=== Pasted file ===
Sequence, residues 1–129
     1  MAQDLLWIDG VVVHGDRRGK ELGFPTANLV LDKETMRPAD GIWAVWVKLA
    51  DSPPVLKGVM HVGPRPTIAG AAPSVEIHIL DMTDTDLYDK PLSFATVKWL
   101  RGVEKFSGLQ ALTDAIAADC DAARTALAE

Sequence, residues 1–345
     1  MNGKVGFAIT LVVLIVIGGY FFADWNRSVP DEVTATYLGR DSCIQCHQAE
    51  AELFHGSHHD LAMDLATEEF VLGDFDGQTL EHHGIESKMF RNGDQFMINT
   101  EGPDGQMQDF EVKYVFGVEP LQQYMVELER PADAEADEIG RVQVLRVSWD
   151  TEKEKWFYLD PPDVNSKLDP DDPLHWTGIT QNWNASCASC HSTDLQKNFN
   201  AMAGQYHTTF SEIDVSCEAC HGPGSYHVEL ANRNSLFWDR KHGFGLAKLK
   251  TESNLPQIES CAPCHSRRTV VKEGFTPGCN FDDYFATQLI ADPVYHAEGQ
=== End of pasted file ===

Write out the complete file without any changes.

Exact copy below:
Sequence, residues 1–129
     1  MAQDLLWIDG VVVHGDRRGK ELGFPTANLV LDKETMRPAD GIWAVWVKLA
    51  DSPPVLKGVM HVGPRPTIAG AAPSVEIHIL DMTDTDLYDK PLSFATVKWL
   101  RGVEKFSGLQ ALTDAIAADC DAARTALAE

Sequence, residues 1–345
     1  MNGKVGFAIT LVVLIVIGGY FFADWNRSVP DEVTATYLGR DSCIQCHQAE
    51  AELFHGSHHD LAMDLATEEF VLGDFDGQTL EHHGIESKMF RNGDQFMINT
   101  EGPDGQMQDF EVKYVFGVEP LQQYMVELER PADAEADEIG RVQVLRVSWD
   151  TEKEKWFYLD PPDVNSKLDP DDPLHWTGIT QNWNASCASC HSTDLQKNFN
   201  AMAGQYHTTF SEIDVSCEAC HGPGSYHVEL ANRNSLFWDR KHGFGLAKLK
   251  TESNLPQIES CAPCHSRRTV VKEGFTPGCN FDDYFATQLI ADPVYHAEGQ